See the Best of Alberta in a One-Week Road Trip

A scenic view of a small island in Lake Maligne, Jasper National Park, in Alberta, Canada.

Maligne Lake, near Jasper National Park in Alberta, Canada. Photo © Neil Willsey, licensed Creative Commons Attribution.

This one-week itinerary stretches itself beyond the famous national parks to include the two main cities and other highlights along the way. Starting and ending from Calgary, it covers around 1,300 kilometers (800 miles) sans detours.

Day 1

Drive east from Calgary into Dinosaur Valley and Dinosaur Provincial Park. Continue the theme with a visit to the Royal Tyrrell Museum. Stay overnight in Drumheller or begin driving north and stay overnight in Red Deer.

Day 2

Continue north to Edmonton, where the highlights include the Royal Alberta Museum, Muttart Conservatory, and Fort Edmonton Park. These can be seen in a long day, but you’ll also want to take a break from the official attractions to include a shopping trip to West Edmonton Mall.

Day 3

Drive to Jasper, visit the enchanting Maligne Canyon, and take a boat tour on super-scenic Maligne Lake. If you have some extra time, spend a few hours driving the Mount Edith Cavell road. Spend the night at Alpine Village, a woodsy cabin accommodation south of town.

Day 4

Rise early to drive the Icefields Parkway to Lake Louise, where you will be staying overnight. The trip is less than 300 kilometers (186 miles), but there are so many highlights en route (the Columbia Icefield, Bow Lake, and Peyto Lake are simply the best of the best stops).

Day 5

The best time to see Lake Louise in all its glory is early in the morning, which allows plenty of time for the walk to the teahouse at Lake Agnes for an early lunch. From Lake Louise, it’s a short drive to Moraine Lake, where you can take to the water in a rented canoe. Drive to Banff via the Bow Valley Parkway (the trail through Johnston Canyon is a great stop along the way), and check into your hotel for the next two nights.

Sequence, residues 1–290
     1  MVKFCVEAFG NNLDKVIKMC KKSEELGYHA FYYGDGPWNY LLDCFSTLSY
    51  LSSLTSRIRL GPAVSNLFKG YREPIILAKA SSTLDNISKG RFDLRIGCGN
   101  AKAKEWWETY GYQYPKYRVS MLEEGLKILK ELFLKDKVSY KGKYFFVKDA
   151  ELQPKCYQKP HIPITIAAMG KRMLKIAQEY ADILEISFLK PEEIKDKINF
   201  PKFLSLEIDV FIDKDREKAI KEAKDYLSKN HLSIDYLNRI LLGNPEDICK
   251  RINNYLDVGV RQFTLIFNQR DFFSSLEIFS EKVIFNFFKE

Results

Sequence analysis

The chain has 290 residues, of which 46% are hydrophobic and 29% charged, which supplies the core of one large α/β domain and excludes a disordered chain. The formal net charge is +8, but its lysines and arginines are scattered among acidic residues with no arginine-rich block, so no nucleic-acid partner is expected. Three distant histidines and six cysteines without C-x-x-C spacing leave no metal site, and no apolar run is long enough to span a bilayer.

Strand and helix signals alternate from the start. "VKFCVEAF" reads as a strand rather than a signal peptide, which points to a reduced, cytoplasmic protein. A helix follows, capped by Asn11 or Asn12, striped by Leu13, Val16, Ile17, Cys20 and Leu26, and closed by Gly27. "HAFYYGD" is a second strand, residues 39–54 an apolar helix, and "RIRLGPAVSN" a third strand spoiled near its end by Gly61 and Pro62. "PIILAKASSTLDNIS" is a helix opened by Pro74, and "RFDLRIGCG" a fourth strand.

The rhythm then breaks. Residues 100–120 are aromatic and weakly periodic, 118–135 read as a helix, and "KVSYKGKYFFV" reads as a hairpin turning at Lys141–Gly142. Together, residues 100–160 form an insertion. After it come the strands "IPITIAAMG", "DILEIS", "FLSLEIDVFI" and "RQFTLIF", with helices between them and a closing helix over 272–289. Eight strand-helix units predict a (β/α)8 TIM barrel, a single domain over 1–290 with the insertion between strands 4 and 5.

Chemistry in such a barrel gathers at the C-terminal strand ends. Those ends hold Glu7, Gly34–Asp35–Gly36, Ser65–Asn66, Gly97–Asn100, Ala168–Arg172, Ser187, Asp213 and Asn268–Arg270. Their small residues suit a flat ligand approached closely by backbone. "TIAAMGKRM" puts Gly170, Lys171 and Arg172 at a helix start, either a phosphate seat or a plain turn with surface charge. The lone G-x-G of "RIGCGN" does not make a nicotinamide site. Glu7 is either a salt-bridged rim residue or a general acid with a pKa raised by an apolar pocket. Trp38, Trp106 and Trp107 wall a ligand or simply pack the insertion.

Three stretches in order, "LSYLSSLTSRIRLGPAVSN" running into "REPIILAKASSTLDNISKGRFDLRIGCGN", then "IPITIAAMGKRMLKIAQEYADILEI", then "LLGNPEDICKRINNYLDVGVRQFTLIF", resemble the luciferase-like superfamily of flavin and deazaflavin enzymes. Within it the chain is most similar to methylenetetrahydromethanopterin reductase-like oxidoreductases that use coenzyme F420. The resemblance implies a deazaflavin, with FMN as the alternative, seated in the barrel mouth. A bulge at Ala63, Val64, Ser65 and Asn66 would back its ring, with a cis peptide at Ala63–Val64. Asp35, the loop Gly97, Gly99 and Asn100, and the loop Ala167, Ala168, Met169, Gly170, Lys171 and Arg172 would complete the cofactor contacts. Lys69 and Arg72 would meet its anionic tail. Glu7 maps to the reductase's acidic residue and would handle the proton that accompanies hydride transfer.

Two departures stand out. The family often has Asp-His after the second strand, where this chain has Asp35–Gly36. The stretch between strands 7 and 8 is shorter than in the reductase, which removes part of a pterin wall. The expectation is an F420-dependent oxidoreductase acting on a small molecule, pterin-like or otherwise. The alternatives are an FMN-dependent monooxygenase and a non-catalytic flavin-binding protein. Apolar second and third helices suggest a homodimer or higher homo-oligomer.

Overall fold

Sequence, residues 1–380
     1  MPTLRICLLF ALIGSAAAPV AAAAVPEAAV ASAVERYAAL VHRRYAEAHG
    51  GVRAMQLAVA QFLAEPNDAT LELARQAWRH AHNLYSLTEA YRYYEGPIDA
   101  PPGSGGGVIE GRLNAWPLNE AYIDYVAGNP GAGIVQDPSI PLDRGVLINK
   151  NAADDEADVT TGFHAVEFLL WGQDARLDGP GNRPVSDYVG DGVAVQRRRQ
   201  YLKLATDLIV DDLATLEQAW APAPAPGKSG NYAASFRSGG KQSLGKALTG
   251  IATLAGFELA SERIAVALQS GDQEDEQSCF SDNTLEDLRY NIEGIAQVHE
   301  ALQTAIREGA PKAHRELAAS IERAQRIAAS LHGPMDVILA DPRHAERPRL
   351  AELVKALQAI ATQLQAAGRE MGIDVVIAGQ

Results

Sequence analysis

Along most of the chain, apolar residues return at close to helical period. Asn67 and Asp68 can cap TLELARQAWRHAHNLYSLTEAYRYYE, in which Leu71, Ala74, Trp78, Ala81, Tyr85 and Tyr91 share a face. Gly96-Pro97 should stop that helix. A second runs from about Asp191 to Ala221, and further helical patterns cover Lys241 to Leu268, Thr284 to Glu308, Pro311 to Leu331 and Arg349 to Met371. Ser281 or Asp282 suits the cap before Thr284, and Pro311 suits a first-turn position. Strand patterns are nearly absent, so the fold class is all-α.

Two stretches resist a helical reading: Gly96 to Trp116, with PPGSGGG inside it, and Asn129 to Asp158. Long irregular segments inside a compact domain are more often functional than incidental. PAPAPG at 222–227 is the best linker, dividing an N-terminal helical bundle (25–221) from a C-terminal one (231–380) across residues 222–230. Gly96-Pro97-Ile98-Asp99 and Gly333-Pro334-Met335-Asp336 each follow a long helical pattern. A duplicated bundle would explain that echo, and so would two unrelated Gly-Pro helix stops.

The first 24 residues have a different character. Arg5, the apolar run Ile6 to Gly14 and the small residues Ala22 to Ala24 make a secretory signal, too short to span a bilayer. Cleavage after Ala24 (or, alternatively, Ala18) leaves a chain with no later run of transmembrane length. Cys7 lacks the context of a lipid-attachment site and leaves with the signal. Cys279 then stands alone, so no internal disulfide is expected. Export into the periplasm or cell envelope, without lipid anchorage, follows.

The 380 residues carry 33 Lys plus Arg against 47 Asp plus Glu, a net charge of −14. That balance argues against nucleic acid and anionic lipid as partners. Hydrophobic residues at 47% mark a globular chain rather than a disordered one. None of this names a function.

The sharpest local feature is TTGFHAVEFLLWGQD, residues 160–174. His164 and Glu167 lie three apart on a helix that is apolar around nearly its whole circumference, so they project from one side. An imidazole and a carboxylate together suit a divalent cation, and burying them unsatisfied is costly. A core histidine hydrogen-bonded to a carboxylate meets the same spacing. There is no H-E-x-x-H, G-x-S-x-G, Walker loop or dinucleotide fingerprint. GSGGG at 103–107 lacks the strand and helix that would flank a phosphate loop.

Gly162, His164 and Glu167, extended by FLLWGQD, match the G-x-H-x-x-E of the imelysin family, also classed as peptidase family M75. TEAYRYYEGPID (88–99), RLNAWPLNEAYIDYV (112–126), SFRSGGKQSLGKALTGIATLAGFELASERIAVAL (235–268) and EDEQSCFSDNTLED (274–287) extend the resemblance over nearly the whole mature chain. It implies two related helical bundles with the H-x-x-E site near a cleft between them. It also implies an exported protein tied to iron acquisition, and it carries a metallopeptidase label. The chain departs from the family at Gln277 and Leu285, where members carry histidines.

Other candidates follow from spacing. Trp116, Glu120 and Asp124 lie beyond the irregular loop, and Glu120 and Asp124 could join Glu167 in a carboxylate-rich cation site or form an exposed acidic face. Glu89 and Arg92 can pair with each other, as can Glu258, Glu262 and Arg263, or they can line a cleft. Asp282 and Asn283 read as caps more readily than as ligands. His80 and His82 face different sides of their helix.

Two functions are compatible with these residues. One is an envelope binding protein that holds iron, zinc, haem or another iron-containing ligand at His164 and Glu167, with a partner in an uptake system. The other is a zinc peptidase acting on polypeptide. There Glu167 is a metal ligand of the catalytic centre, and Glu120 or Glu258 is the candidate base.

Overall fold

Day 6

The town of Banff is certainly in a picturesque location, but I encourage you to leave the paved sidewalk behind and explore natural attractions like Lake Minnewanka or hike to the top of Tunnel Mountain. In the afternoon, relax with a round of golf at the Banff Springs Golf Course or soak up the luxury of the Willow Stream Spa at the Fairmont Banff Springs.

Day 7

As you leave the mountains behind and head back to Calgary, make time to take in the Olympic legacy that is Canada Olympic Park before heading out to the airport. If your flight doesn’t leave until later in the day, also plan stops at Calgary Tower and the Glenbow Museum. If you have another day in Calgary, visit Fort Calgary Historic Park as well.

Excerpted from the Seventh Edition of Moon Alberta.

Color map of Alberta, Canada


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  1. Ron Larsen says:

    Have you city slickers ever heard of Waterton Lakes National Park?
    Funny how you can hit two of the other parks that are so congested with foreign ownership and never even mention Waterton- Canada’s first International Peace Park.
    What happened to the Crows Nest Pass and Frank Slide.
    No mention of Head Smashed In Buffalo Jump.
    Writing on Stone Provincial Park got missed as well.
    People want to get away from the zoo life of the big city’s yet they are your pick for two stops on your tour.
    Also- Banff is nice but it is soooooo overworked by you tourist guide types that I can’t help wondering if you have financial interests there.
    There are a lot more things to see in Alberta than the run of the mill stuff you mentioned in my opinion.

    I am a loyal Albertan from birth.
    The only time I left her was when I volunteered and served in the armed forces of Canada and when I served a volunteer mission for my church for two years.

    • Kimi Owens (admin) says:

      Hi Ron,

      One of our other travel authors wrote about Waterton here ( Let me know what you think about her take on Waterton.

      Some folks want to make sure they hit all the “big” sights, and sometimes that does lead to a lot of unnecessary hype. I’m sure those that prefer off-the-beaten-path travel will find your comment helpful.

      If you have your own “best of” list for people road tripping through Alberta, feel free to share it with people here!